The nuclear allele 'iojap', in homozygous condition, was previously shown to interfere with chloroplast biogenesis by causing a chloroplast ribosome deficiency (V. Walbot and E.H. Coe, Jr., PNAS 76:2760-2764, 1979; A. Siemenroth et al., Plant Physiol. 65:1108-1110, 1980, MNL 54:53-54, 1980). We analyzed the offspring of a cross, ij ij x ++, consisting of 3 types of seedlings: pure green, pure white, and pure yellowish. We measured the activities of nitrate reductase (NR) and nitrite reductase (NiR) according to published procedures (R.R. Mendel and A. Miffler, Mol. Gen. Genet. 177: 145-153, 1979) and determined the content of the NR apoprotein by immunological methods (J. Schiemann and A. Muller, Biochem. Physiol. Pflanzen 180:63-74, 1985) using antiserum against NR purified from squash cotyledons. The results clearly demonstrate that chloroplast-ribosome deficient white and yellowish leaves exhibit only low levels of NR activity, whereas NiR activities are about 70% of normal wild-type activity:
The low NR activity is caused by a comparable low quantity of the NR apoprotein as tested by a 'protection of inhibition assay' using antiserum against NR. The molybdenum cofactor necessary for NR activity is present in all leaf types in equal quantities (Mendel unpubl.). NiR is a chloroplast enzyme (cf. E. Kessler, Progr. Bot. 43:74-82, 1981). Thus, it may not be surprising that it is affected in its activity by a mutation leading to the appearance of entirely undifferentiated plastids (although NiR is encoded in nuclear DNA and synthesized on cytoplasmic ribosomes, otherwise it would not be found in a chloroplast-ribosome deficient mutant). But it is striking that the NR shows low activity and even low protein content in the chloroplast-ribosome deficient leaves, because NR is located outside the plastids in the cytosol (Kessler, 1981). We conclude that the 'iojap' mutation, by inhibiting normal chloroplast development, leads to a reduced accumulation of the NR apoprotein. The reduced rate of accumulation might be caused by a repression (or missing derepression) of the synthesis or, less probably, by a specific and fast degradation of this protein.
It is known that the inactivation of photosynthesis may lead to a decrease in NR activity (cf. S.H. Duke and S.O. Duke, Physiol. Plant. 62:485-493, 1984). Neither the white nor the yellowish leaves of 'iojap'maize show any trace of photosynthetic activity as determined by measurements of delayed light emission (A. Siemenroth et al., Plant Physiol. 65:1108-1110, 1980; Borner and Matorin unpubl.). Therefore, the 'iojap' mutation could act via its effect on photosynthesis on NR activity. A direct and specific effect of the products of photosynthesis on the synthesis (or degradation) of the NR protein, however, is highly improbable. We postulate, therefore, that there exists in maize a dependence of NR accumulation on normal chloroplast development. There are a few examples for a control on the transcription or translation of the genetic information for certain chloroplast proteins in the nucleo-cytoplasmic compartment by the developmental stage of the chloroplast (J.W. Bradbeer et al., Nature 279:816-817, 1979; M.H. Harpster et al., Plant Mol. Biol. 3:59-71, 1984; L. Herrera-Estrella et al., Nature 310:115-120, 1984; S.P. Mayfield and W.C. Taylor, Eur. J. Biochem. 144:79-84, 1984; P. Eckes et al., Mol. Gen. Genet. 199:216-224, 1985). Our results suggest that the developmental stage of the chloroplast may also be important for the synthesis of at least one non-chloroplastic protein, the nitrate reductase. (We thankfully acknowledge generous gifts of seeds of 'iojap' maize by E.H. Coe, Jr., and of antiserum against NR by W.H. Campbell.)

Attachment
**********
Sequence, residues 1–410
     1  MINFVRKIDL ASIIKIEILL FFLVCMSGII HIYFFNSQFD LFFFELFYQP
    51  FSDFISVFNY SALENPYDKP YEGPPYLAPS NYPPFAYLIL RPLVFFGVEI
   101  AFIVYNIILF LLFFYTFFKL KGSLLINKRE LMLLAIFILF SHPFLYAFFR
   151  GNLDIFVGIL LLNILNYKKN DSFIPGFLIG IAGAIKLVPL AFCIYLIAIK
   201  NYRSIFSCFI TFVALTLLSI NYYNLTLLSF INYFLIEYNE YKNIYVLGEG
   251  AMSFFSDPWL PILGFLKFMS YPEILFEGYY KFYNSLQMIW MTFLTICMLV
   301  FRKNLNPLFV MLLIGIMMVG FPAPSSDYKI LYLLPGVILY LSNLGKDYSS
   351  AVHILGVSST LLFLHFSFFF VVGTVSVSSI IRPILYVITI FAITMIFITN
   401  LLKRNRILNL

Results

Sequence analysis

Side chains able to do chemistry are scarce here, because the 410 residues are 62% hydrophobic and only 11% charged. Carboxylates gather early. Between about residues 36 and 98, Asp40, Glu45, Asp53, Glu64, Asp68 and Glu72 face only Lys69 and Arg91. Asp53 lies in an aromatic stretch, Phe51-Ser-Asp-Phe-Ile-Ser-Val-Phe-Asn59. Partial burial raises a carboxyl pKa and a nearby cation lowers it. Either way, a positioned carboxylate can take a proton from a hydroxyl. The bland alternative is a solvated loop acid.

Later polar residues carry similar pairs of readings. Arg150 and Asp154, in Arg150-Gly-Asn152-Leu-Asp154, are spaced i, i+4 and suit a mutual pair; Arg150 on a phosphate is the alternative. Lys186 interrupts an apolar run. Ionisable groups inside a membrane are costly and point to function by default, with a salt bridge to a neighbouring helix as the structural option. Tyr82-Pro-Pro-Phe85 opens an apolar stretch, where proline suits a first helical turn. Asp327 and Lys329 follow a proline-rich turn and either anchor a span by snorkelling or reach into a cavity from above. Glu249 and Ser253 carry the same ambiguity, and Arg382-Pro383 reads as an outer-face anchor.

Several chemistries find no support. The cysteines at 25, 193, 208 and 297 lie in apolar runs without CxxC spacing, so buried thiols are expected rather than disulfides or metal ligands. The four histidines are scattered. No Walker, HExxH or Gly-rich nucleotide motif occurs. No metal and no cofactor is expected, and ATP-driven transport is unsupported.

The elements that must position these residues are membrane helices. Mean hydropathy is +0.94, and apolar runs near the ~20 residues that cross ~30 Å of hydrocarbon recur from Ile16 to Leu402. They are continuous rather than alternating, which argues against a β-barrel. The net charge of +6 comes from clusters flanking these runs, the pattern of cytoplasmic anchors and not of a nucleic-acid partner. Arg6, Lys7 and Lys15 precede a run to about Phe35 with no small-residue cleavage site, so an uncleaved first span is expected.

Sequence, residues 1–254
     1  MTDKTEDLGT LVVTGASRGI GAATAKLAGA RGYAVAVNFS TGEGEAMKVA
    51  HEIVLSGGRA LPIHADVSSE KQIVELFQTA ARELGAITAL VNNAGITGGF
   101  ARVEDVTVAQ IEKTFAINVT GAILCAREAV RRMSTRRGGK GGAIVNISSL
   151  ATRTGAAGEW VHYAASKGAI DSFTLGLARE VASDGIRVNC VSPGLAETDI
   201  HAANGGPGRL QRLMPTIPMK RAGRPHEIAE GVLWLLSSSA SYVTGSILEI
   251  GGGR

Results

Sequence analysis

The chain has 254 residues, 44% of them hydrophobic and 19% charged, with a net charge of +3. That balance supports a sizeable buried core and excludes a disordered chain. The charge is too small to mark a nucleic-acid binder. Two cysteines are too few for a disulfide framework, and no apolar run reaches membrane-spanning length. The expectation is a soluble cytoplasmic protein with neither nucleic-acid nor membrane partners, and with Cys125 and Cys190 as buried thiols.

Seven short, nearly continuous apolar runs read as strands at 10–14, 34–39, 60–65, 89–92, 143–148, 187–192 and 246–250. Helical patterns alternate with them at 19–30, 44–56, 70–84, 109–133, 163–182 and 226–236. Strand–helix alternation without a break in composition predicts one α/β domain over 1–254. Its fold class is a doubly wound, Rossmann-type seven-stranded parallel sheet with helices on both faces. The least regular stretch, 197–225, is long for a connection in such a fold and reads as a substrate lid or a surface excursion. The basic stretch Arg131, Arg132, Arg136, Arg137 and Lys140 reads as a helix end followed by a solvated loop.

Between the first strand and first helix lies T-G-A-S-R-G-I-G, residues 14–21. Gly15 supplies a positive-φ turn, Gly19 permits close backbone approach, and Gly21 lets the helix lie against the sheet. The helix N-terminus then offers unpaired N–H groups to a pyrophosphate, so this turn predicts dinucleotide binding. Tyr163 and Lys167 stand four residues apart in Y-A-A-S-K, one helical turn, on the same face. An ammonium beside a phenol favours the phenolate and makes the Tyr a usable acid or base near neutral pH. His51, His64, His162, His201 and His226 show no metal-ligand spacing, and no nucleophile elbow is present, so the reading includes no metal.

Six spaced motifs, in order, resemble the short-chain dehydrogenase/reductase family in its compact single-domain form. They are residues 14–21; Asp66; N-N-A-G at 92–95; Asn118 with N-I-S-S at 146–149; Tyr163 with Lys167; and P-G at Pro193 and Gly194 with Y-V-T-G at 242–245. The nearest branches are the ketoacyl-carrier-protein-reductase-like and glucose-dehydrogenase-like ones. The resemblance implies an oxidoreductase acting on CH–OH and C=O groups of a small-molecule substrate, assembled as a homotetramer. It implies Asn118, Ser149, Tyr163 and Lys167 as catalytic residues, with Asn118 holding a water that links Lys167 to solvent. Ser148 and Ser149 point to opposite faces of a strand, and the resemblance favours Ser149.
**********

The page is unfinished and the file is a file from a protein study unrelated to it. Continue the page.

Th. Borner, J. Schiemann and R.R. Mendel
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